The Pittsburgh Steelers chose to accept a one-year gamble on Bud Dupree that he is worth about $10 million, something that I think even he will admit that he hasn’t done up to this point in his career, four years after being drafted in the first round.
Set to play under his fifth-year option, the front office would ordinarily be in extension talks with his agent right about now, but they know that they can’t commit anything to him long-term unless they actually see some real legitimate progression, and that means allowing him to play under the option price for 2019.
Dupree has averaged five sacks per season, though he has topped that slightly in each of the past two years. After posting a career-high six in 2017, he recorded five and a half in 2018. He has 20 in his four-year career—the same amount as T.J. Watt in his first two seasons.
That is where the Steelers expect him to be by now. That’s where he expects himself to be by now. And he knows it. “Everybody is waiting on that year to come”, he told Jeremy Fowler of ESPN earlier this month as minicamp was coming to an end. “I know and I feel this year will be the year to show the person I am and just put everything together”.
Arguably the biggest thing that he has to ‘put together’ still is in simply finishing plays. He himself highlighted the number of plays in which he could have had a sack but something just didn’t go quite right. He knows he has to make those things right.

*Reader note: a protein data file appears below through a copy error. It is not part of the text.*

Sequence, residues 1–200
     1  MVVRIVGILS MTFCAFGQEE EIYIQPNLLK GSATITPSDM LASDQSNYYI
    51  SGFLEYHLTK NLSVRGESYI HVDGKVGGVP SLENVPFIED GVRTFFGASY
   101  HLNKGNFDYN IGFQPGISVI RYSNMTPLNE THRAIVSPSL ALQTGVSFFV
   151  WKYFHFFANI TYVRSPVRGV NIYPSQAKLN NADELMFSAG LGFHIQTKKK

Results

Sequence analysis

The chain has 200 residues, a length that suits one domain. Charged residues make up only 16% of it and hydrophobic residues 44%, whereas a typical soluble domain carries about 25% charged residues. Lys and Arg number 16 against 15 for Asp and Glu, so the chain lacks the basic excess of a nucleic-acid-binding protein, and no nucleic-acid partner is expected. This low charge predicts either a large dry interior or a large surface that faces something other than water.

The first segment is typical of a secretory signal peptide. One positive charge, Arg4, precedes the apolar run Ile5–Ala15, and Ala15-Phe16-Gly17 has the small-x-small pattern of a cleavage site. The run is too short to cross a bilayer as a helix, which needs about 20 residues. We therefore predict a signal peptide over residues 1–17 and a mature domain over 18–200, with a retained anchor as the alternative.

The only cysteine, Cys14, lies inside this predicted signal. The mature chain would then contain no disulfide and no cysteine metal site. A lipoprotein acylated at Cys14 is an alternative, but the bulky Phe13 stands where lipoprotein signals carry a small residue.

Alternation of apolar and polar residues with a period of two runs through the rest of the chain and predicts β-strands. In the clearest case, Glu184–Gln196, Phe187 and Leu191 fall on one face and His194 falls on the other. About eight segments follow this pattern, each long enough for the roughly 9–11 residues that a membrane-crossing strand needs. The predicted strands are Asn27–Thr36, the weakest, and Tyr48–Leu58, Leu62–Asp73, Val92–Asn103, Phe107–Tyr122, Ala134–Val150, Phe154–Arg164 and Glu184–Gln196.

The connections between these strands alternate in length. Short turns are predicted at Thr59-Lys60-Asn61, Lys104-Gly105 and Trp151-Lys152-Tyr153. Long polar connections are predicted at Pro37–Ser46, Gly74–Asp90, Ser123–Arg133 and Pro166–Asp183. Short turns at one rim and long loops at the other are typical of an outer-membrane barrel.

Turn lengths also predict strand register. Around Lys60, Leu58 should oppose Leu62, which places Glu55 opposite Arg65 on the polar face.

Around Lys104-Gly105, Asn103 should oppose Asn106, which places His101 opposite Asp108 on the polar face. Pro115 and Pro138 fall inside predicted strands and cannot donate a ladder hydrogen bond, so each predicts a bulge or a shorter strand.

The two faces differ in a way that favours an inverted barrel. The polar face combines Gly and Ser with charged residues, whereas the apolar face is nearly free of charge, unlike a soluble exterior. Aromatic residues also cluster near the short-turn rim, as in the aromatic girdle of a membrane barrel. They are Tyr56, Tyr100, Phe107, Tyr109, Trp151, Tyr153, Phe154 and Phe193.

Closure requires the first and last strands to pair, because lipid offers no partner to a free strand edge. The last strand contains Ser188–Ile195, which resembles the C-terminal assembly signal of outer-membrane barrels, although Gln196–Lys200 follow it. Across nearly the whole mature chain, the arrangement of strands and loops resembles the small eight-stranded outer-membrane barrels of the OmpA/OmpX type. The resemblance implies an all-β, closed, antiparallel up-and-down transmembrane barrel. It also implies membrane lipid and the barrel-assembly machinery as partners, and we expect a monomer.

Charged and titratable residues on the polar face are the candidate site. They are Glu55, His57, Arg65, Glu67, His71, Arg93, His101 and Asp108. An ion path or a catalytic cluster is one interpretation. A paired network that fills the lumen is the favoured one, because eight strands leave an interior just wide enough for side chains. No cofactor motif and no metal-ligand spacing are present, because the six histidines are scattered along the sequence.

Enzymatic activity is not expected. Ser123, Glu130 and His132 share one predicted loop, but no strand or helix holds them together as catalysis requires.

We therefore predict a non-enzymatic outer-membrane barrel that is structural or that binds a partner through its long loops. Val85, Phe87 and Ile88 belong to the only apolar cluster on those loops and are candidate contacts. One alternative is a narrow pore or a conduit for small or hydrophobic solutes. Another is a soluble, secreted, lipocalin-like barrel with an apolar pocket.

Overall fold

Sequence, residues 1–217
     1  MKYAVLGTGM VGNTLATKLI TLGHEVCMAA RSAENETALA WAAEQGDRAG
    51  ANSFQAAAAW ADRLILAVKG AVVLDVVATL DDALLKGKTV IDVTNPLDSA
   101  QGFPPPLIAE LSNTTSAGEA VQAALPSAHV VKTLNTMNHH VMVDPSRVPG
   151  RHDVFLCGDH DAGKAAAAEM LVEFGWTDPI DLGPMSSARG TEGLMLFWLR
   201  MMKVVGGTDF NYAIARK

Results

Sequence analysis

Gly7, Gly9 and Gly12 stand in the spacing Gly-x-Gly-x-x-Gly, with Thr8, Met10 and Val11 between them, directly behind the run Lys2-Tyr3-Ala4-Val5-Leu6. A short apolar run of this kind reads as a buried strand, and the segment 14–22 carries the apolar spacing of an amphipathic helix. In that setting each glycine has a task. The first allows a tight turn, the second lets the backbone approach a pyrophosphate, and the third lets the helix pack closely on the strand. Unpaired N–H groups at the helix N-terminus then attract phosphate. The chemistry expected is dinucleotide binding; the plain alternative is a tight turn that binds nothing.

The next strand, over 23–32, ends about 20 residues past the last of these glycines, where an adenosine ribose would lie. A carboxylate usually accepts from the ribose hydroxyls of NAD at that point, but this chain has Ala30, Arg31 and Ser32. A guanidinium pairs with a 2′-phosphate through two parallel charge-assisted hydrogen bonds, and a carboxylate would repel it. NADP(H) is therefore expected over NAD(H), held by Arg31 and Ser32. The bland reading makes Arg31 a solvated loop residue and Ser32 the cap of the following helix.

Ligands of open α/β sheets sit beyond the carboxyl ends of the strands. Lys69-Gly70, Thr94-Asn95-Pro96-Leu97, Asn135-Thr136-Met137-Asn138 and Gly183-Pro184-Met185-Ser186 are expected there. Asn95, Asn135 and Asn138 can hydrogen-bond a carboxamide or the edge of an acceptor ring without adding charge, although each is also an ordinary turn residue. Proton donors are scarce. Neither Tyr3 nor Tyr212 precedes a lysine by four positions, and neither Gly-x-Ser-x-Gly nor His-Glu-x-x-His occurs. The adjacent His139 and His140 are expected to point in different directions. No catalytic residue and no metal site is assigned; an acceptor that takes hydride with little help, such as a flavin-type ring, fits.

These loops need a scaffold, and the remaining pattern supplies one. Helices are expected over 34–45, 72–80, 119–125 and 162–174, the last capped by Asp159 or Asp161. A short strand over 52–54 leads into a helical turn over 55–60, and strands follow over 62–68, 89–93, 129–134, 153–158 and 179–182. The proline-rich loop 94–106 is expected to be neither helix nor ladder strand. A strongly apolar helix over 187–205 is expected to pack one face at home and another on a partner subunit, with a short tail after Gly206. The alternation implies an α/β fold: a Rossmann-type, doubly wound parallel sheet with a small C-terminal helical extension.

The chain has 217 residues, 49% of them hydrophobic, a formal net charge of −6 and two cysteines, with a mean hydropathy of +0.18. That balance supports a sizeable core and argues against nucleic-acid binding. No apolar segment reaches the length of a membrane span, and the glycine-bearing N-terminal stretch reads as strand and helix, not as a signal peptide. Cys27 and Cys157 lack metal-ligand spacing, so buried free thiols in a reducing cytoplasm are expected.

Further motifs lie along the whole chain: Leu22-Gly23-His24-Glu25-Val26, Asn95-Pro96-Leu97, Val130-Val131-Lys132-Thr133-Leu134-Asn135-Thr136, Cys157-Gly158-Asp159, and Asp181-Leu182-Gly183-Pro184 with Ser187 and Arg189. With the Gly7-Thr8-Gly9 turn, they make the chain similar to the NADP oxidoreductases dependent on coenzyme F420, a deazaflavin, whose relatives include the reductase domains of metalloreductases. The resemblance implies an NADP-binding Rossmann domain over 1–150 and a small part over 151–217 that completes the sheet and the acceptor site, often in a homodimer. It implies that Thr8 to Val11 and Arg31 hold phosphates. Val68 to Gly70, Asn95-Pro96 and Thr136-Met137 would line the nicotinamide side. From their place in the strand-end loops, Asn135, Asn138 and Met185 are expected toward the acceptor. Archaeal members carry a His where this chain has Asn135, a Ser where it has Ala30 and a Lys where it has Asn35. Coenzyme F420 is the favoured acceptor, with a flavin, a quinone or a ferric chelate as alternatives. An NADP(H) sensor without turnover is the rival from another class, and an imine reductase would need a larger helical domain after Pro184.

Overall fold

But he also knows that he needs to stay fully healthy for a change. He has dealt with injuries that have affected his on-field performance in each of the last three years. As far as we know, he is as fully healthy as can be right now, so he can’t afford to see that change.
It’s not just a matter of being healthier, though. Yes, playing without injury will also help him play better, but he also needs to improve in specific areas. He is limited when it comes to producing counters and his bend up the arc is disappointing when considering his athleticism.
Are the Steelers really ever going to see that year from Dupree? I don’t think many are actually counting on it, and if they do get it, what are the odds that they would actually be able to retain him rather than watch him walk in free agency? If he suddenly becomes the player that they thought he could be when they drafted him, he’s going to price himself out of town. And if he doesn’t, he might not be worth keeping.